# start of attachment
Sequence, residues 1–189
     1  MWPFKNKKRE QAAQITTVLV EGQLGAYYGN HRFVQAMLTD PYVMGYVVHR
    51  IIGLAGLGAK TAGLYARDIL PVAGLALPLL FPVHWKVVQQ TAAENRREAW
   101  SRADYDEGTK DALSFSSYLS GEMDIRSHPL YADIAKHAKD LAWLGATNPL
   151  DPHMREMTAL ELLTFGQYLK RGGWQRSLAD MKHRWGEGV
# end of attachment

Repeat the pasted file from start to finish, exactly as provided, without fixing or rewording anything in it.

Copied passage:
Sequence, residues 1–189
     1  MWPFKNKKRE QAAQITTVLV EGQLGAYYGN HRFVQAMLTD PYVMGYVVHR
    51  IIGLAGLGAK TAGLYARDIL PVAGLALPLL FPVHWKVVQQ TAAENRREAW
   101  SRADYDEGTK DALSFSSYLS GEMDIRSHPL YADIAKHAKD LAWLGATNPL
   151  DPHMREMTAL ELLTFGQYLK RGGWQRSLAD MKHRWGEGV